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Monday, April 11, 2005

Good News From Iraq

Chrenkoff's latest roundup of good news from Iraq is out.

Drudge is also headlining a New York Times (free registration required) piece suggesting the US is starting to look at winding down the military presence.

Two years after the fall of Saddam Hussein, the American-led military campaign in Iraq is making enough progress in fighting insurgents and training Iraqi security forces to allow the Pentagon to plan for significant troop reductions by early next year, senior commanders and Pentagon officials say.

Senior American officers are wary of declaring success too soon against an insurgency they say still has perhaps 12,000 to 20,000 hard-core fighters, plentiful financing and the ability to change tactics quickly to carry out deadly attacks. But there is a consensus emerging among these top officers and other senior defense officials about several positive developing trends, although each carries a cautionary note.


Huh. Some occupiers they turned out to be.

Posted by Kate McMillan on April 11, 2005 in International Affairs | Permalink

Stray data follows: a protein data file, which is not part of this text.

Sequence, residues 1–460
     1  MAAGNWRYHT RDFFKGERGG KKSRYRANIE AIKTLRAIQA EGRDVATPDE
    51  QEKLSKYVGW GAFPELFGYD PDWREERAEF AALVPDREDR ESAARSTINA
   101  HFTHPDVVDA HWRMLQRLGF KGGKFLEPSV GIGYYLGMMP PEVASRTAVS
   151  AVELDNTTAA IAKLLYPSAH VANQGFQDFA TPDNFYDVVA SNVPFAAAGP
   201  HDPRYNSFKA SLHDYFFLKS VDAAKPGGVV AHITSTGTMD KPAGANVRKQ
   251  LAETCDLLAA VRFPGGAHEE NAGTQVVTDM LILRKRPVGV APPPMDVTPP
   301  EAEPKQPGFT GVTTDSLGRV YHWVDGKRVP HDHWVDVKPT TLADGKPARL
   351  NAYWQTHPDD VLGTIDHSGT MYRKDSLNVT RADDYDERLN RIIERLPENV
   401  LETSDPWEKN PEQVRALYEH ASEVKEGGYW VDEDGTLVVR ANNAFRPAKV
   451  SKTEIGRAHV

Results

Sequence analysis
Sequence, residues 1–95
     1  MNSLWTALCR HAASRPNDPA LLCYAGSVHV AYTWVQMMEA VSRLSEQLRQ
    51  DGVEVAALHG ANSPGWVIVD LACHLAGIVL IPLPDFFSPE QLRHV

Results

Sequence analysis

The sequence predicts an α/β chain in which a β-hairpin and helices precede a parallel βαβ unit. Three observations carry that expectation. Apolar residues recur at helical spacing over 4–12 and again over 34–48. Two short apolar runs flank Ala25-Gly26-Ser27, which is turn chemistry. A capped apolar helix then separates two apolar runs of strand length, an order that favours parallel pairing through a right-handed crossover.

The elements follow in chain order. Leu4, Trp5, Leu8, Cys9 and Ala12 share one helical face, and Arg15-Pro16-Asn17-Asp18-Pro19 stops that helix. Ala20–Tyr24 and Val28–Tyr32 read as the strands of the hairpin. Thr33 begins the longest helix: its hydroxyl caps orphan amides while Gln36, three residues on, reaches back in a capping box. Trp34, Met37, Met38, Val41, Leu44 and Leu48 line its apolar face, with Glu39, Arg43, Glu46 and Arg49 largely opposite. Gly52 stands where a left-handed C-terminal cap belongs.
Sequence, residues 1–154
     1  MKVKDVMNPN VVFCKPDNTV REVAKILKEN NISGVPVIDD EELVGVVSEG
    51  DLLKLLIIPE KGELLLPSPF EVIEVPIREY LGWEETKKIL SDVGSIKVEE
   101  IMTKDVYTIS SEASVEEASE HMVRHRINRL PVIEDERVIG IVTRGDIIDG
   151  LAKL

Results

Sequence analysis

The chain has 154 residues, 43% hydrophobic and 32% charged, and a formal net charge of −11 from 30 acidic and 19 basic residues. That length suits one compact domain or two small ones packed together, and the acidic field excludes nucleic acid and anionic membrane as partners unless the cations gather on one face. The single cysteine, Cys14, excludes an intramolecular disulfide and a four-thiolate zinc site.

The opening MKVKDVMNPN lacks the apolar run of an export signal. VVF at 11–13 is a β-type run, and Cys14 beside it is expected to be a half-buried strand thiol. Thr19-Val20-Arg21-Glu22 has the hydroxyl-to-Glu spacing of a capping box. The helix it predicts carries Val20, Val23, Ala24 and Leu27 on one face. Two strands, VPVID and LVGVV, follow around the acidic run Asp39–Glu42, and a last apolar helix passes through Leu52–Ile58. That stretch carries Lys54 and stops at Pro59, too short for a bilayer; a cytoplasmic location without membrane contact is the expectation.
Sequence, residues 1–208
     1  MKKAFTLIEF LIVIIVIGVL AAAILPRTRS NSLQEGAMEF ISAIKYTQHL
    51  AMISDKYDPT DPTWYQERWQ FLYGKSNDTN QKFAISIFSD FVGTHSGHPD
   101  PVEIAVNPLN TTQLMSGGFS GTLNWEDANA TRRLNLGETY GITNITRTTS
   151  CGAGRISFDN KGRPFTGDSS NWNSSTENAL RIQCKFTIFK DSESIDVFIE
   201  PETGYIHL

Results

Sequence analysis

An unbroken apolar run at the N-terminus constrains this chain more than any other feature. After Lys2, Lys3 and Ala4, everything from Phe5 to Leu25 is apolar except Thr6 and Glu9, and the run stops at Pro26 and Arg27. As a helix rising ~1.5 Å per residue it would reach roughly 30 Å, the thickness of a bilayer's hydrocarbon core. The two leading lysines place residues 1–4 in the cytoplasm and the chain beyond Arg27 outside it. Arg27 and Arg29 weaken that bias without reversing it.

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Comments

I particularly liked the quote that "While Iraq's new leaders lack Saddam's 99.8 per cent electoral mandates, they certainly make up for it in unscripted enthusiasm and passion. Saddam, meanwhile, who for years inflicted on his captive television audience his rambling speeches and meaningless proceedings of Iraq's "parliament" is now on the receiving end, getting the taste of the real democracy in action."

Democracy is ugly folks, but to paraphrase Sir Winston Churchill, it's less ugly than all the alternatives. I suspect that's why President Bush always refers to "freedom & democracy", rather than just to democracy itself.

Posted by: Tony | 2005-04-11 8:41:12 AM


Here comes the second Saigon Embassy evacuation, this time from Baghdad.